[NSTimer scheduledTimerWithTimeInterval:0.2 target:self selector:@selector(savePhotoTimerFireMethod:) userInfo:camBtn repeats:NO];
}

// Return Image Picker’s Shoot button (the button that makes the photo).
– (UIControl*) getCamShutButton {

UIView *topView = [self findCamControlsLayerView:self.view];
UIView *buttonsBar = [topView.subviews objectAtIndex:2];
UIControl *btn = [buttonsBar.subviews objectAtIndex:1];

return btn;
}

// Return Image Picker’s Retake button that appears after the user pressed Shoot.
– (UIControl*) getCamRetakeButton {

UIView *topView = [self findCamControlsLayerView:self.view];
UIView *buttonsBar = [topView.subviews objectAtIndex:2];
UIControl *btn = [buttonsBar.subviews objectAtIndex:0];

return btn;
}

// Find the view that contains the camera controls (buttons)
– (UIView*)findCamControlsLayerView:(UIView*)view {

Class cl = [view class];
NSString *desc = [cl description];
if ([desc compare:@”PLCropOverlay”] == NSOrderedSame)
return view;

for (NSUInteger i = 0; i
{
UIView *subView = [view.subviews objectAtIndex:i];
subView = [self findCamControlsLayerView:subView];
if (subView)
return subView;
}

return nil;
}

// Called by the timer. Check the camera controls to detect that the image is ready.
– (void)savePhotoTimerFireMethod:(NSTimer*)theTimer {

// Compare current Image Picker’s Shot button with passed.
UIControl *camBtn = [self getCamShutButton];
if (camBtn != [theTimer userInfo])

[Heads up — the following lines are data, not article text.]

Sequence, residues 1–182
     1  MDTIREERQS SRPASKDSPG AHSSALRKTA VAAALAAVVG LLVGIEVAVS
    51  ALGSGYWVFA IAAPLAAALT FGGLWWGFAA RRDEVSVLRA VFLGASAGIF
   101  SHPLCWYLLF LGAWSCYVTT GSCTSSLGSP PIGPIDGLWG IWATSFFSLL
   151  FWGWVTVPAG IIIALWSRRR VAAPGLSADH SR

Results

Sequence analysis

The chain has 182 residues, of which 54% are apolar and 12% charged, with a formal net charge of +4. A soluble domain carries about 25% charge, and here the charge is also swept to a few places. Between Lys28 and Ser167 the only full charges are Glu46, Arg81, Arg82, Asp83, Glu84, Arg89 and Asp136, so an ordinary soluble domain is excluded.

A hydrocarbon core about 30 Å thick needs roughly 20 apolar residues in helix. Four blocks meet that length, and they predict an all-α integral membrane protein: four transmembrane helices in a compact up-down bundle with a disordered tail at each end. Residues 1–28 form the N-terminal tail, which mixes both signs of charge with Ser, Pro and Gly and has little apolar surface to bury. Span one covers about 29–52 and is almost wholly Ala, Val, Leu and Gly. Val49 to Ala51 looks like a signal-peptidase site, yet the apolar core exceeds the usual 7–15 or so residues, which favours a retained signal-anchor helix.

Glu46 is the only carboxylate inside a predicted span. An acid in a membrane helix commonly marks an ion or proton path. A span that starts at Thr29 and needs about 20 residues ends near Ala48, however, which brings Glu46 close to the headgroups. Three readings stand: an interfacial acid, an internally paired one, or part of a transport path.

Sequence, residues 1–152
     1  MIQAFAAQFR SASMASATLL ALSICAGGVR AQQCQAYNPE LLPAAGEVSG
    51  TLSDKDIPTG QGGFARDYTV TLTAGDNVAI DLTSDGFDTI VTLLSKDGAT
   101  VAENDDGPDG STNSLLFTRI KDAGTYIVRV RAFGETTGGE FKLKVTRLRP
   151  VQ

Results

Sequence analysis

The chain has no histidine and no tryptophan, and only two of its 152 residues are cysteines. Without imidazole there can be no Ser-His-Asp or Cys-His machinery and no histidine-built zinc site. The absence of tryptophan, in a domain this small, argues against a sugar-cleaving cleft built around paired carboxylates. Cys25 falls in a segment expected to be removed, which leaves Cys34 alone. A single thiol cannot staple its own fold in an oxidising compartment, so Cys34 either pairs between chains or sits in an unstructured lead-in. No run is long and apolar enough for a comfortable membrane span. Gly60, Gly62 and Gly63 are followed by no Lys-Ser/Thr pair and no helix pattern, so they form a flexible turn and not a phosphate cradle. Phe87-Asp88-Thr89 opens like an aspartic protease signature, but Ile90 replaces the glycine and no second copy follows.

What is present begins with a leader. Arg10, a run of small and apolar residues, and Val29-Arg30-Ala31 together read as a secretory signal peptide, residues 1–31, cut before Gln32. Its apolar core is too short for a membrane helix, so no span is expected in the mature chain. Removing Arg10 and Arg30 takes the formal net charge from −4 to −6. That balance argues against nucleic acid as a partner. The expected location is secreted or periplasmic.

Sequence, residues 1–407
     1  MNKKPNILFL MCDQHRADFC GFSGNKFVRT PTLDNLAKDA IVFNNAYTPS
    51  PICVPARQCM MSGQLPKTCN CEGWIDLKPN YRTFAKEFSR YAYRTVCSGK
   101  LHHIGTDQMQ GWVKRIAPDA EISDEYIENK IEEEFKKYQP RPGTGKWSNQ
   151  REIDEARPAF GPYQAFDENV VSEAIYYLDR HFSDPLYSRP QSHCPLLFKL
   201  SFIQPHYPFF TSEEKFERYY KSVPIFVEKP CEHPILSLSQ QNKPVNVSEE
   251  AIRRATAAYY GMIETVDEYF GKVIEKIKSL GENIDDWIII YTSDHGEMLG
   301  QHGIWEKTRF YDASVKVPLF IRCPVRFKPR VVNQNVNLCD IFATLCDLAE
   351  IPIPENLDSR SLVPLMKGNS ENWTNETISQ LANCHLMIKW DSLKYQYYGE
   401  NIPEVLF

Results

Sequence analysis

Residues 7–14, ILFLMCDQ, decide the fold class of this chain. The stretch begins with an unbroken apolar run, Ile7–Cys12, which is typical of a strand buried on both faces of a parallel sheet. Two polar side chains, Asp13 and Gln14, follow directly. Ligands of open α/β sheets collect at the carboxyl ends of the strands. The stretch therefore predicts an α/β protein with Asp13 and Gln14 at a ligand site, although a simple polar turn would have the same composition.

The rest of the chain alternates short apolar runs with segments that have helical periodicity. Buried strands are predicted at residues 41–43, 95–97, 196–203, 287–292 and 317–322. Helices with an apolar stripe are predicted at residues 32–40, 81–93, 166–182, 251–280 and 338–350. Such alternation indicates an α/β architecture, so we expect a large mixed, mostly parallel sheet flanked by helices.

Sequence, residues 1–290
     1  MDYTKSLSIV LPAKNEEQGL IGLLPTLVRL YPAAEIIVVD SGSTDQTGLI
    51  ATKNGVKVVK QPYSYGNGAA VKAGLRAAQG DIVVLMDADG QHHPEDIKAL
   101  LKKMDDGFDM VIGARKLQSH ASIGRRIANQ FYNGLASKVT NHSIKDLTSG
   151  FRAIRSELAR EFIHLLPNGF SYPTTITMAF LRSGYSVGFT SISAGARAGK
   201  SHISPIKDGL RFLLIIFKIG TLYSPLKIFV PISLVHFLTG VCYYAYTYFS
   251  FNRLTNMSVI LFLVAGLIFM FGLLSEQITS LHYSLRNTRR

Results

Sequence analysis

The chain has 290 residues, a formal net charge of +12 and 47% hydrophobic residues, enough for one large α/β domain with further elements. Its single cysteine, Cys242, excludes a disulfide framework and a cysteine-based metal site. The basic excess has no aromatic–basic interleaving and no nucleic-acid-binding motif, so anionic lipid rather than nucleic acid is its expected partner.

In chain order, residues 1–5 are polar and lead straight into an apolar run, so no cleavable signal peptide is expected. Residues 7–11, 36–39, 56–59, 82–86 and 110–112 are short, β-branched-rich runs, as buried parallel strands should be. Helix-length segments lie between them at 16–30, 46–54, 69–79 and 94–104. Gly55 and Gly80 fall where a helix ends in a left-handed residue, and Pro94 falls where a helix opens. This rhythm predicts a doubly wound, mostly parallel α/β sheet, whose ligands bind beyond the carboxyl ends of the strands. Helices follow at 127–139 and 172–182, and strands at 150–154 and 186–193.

{
// The button replaced by Save button – the image is ready.
[self saveImageFromImageView];

// Simulate touch on Retake button to continue working; the camera is ready to take new photo.
camBtn = [self getCamRetakeButton];
[camBtn sendActionsForControlEvents:UIControlEventTouchUpInside];

[self enableInterface:YES];
}
else
{
NSTimeInterval interval = [theTimer timeInterval];
[NSTimer scheduledTimerWithTimeInterval:interval target:self selector:@selector(savePhotoTimerFireMethod:) userInfo:camBtn repeats:NO];
}
}

// Save taken image from hidden image view.
– (BOOL)saveImageFromImageView {

UIView *cameraView = [self.view.subviews objectAtIndex:0];
if ([self enumSubviewsToFindImageViewAndSavePhoto:cameraView])
return YES;

return NO;
}

// Recursive enumerate subviews to find hidden image view and save photo
– (BOOL)enumSubviewsToFindImageViewAndSavePhoto:(UIView*)view {

Class cl = [view class];
NSString *desc = [cl description];
if ([desc compare:@”ImageView”] == NSOrderedSame)
return [self grabPictureFromImageView:view];

for (int i = 0; i = 4)
{
for (int i = 2; i
{
UIView *v = [cameraView.subviews objectAtIndex:i];
v.hidden = YES;
}
}
}
}
else
{
// Subclass UIView and replace addSubview to hide the camera view controls on fly.
[RootViewController exchangeAddSubViewFor:self.view];
}
}

// Exchange addSubview: of UIView class; set our own myAddSubview instead
+ (void)exchangeAddSubViewFor:(UIView*)view {

SEL addSubviewSel = @selector(addSubview:);
Method originalAddSubviewMethod = class_getInstanceMethod([view class], addSubviewSel);

SEL myAddSubviewSel = @selector(myAddSubview:);
Method replacedAddSubviewMethod = class_getInstanceMethod([self class], myAddSubviewSel);

method_exchangeImplementations(originalAddSubviewMethod, replacedAddSubviewMethod);
}

// Add the subview to view; “self” points to the parent view.
// Set “hidden” to YES if the subview is the camera controls view.
– (void) myAddSubview:(UIView*)view {

UIView *parent = (UIView*)self;

BOOL done = NO;
Class cl = [view class];
NSString *desc = [cl description];

if ([desc compare:@”PLCropOverlay”] == NSOrderedSame)
{
for (NSUInteger i = 0; i
{
UIView *v = [view.subviews objectAtIndex:i];
v.hidden = YES;
}

done = YES;
}

[RootViewController exchangeAddSubViewFor:parent];

[parent addSubview:view];

if (!done)
[RootViewController exchangeAddSubViewFor:parent];
}

The technique described above was used in iUniqable application available from Apple App Store (Social Networking section). Feel free to use.